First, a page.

Monday, September 18, 2017

Ted Kooster Poet Laureate

ABC Wednesday
September 20th, 2017

The letter is K for Ted Kooster

Ted Kooster was born on April 25th, 1939

in Ames, Iowa

He worked for many years as Vice President
of an Insurance Firm,
writing his poetry in the mornings,
in the evenings,
and during his spare moments.

For two terms Poet Laureate in the United States,
a Pulitzer Prize Winner,
now he writes children's books,
is a Professor at the University of Nebraska,
and is Editor of a newspaper column

"American Life in Poetry"

which is carried in 150 newspapers
 throughout the country
as well as being distributed
by email,
and used in classrooms.
(From Wikipedia)

I have his book
"The Wheeling Year -
A Poet's Field Book"

in which he says about September

"One of our old neglected apple trees is so burdened with fruit this year that a limb has cracked, turned brown, and drapes, limp-wristed, bejewelled with apples that ripen, day after day, on those lifeless fingers.  This morning I noticed that hornets have come to set each garnet in golden filigree"

and he goes on to say, about September...

"Labor Day weekend, rainy and cool, and the second hatch of barn swallows are still in their nest under the eaves, three of them, downy and mewing, their beaks like buds just opening, while the rest of the swallows, an extended family of a dozen or more, including the year's first hatch, wheel round and round this axis, crying,  as if to unwind the invisible thread that holds them here, 
with winter coming".

A beautiful expression of a poet's awareness
it is well named

"A Poet's Field Guide"

Open it to any page and there is a vignette of life;
creative, imaginative, heart touching, sometimes poignant
and very beautiful.

For more expressions of the letter K visit
here at ABC Wednesday
with thanks to all who maintain this meme.

Sunday, September 17, 2017

Sunday morning Scones

Sunday, September 17th, 2017

Cool and smokey this morning, and with the weather report over
 let me tell you about making scones!

I have this fabulous recipe in our church cookbook "Secrets of a Small Town",
 inserted by a dear friend who is, unfortunately,
long gone from our midst.

She suggests doubling the recipe, and each time I make it, that's what I do!

It was a great hit at after-service refreshments last week at church,
 and I'm always in for things that make an good impression.

Being a 'bake right after breakfast' type of woman, (as I age),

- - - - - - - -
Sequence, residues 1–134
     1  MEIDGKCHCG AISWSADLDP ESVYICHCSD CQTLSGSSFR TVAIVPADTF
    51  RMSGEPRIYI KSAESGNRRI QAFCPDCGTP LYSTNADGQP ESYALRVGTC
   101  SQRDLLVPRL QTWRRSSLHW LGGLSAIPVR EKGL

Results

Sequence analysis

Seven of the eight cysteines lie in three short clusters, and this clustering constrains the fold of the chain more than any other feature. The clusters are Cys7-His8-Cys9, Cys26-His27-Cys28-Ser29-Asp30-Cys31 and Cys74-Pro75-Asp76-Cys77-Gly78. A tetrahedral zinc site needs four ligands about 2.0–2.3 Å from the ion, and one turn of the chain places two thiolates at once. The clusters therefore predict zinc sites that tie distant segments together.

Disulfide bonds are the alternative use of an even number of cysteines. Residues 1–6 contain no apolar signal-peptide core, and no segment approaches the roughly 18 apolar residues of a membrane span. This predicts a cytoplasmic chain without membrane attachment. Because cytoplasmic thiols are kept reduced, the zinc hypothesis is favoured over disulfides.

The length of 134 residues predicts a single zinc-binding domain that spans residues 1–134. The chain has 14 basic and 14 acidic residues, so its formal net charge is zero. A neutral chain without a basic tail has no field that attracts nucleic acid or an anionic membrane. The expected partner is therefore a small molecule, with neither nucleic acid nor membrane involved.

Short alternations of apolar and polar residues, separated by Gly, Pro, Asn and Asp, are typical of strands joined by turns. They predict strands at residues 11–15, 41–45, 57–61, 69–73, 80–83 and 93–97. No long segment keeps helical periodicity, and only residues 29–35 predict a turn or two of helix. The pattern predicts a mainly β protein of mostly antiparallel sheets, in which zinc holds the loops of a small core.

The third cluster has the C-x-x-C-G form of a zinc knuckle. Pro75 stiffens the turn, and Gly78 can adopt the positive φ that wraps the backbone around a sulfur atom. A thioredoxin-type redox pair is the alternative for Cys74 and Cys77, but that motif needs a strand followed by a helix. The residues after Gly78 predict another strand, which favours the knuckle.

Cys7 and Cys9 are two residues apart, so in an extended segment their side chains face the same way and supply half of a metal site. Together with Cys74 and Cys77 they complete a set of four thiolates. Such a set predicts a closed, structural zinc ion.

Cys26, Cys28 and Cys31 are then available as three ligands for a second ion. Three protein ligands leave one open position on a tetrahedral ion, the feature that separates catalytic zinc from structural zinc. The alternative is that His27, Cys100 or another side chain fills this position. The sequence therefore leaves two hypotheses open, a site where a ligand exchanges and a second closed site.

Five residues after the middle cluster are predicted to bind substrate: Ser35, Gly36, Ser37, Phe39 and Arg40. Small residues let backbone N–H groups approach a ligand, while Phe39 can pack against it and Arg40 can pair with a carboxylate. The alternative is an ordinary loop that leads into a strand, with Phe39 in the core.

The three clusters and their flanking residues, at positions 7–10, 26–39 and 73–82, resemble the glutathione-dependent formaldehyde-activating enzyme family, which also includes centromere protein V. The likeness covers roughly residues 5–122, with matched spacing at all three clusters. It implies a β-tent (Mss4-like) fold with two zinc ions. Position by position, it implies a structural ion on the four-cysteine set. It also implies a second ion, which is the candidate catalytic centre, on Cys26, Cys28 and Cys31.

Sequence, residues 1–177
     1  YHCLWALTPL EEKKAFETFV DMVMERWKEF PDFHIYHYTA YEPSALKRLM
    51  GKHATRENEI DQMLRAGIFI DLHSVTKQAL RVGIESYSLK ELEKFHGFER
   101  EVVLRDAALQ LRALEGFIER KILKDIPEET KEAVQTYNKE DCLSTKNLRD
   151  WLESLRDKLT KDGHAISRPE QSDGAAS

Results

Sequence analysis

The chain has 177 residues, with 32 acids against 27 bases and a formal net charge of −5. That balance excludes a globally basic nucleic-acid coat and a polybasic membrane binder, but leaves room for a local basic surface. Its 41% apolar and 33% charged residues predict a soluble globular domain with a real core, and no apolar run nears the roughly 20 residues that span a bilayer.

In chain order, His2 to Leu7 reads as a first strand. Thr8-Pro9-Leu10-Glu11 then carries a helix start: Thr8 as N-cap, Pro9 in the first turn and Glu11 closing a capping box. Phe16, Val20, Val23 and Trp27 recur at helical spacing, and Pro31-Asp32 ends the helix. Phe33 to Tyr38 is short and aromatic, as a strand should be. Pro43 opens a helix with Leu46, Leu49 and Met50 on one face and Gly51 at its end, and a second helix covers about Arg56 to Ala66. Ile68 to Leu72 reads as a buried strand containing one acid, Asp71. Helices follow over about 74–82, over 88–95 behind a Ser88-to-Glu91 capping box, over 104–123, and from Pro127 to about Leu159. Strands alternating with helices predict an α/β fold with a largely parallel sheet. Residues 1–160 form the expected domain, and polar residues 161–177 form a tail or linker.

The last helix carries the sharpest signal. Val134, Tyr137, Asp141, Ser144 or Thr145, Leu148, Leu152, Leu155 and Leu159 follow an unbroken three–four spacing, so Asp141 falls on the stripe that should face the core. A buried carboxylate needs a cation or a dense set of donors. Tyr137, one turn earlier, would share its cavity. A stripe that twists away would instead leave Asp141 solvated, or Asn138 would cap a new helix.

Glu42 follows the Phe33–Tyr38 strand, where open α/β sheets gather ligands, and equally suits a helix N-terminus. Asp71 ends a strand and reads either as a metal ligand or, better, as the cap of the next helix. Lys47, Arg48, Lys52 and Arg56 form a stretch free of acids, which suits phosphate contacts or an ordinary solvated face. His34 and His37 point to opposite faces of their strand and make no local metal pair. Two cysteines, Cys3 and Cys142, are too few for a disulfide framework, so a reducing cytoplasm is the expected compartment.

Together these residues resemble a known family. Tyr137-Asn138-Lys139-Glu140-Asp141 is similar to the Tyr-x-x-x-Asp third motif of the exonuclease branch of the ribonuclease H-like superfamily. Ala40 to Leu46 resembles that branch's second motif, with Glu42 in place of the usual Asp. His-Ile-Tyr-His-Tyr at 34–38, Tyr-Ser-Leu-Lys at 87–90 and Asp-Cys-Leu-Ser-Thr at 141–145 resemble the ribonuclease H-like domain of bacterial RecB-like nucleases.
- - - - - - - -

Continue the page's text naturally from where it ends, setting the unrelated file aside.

I got busy right after the second cup of coffee
 and threw together these marvelous biscuits.  

All went well, and I slipped them into the 425 degree oven,
forgetting that the last time the oven performed at that degree of heat
the super-sensitive smoke alarm led me a merry chase 
up and down the hallway, with a towel to quieten it.....
until at last I had to plug in a fan to make a breeze and calm it down.

Sure enough, - as the timer was about to go off at 12 minutes
 the alarm started to wail, 
and only increased its cries 
when I took those lovely scones from the oven!

What do the neighbours think??

Living alone,
and with diminished hearing,
I know it is a comforting 'thing'
to have outside my bedroom door..

but seriously??

Well, it's no wonder it kicked up such a rumpus...
Look at the bottoms!

I shall serve them with butter and jam 
and a sharp knife to cut off the burnt part, and they will be delicious.

One can get away with that kind of thing when one is ancient,
and family will be happy that I still have the
ways and means and the wit to make scones.

Even burnt scones....

Here is the recipe...

Jean's English Scones

2 cups of flour
1/2 cup of sugar
2 tsp baking powder
1 tsp salt
2 eggs (save one white)
1/4 cup currants
1/2 cup of milk
1/2 cup of margarine
1/4 cup of mixed fruit

Mix flour, sugar salt and baking powder.  Cut in margarine.  Add fruit and mix.  
Add milk, one whole egg and one egg yolk.
Stir until moistened.

Turn out and knead well.  
Roll out about 1/4 inch thick.
Cut into shapes, put on cookie sheet and brush with egg yolk.
Sprinkle with sugar and bake at 425 degrees F for 12 to 15 minutes

Watch carefully, - if your oven is sensitive take a peak at 11 minutes.

I doubled the recipe and used cheese instead of fruit. 
so I ended up with nice cheesy scones 
with black bottoms!!!

I plan to spend the rest of the day winding a warp 
to put on the loom...
and hoping all goes well!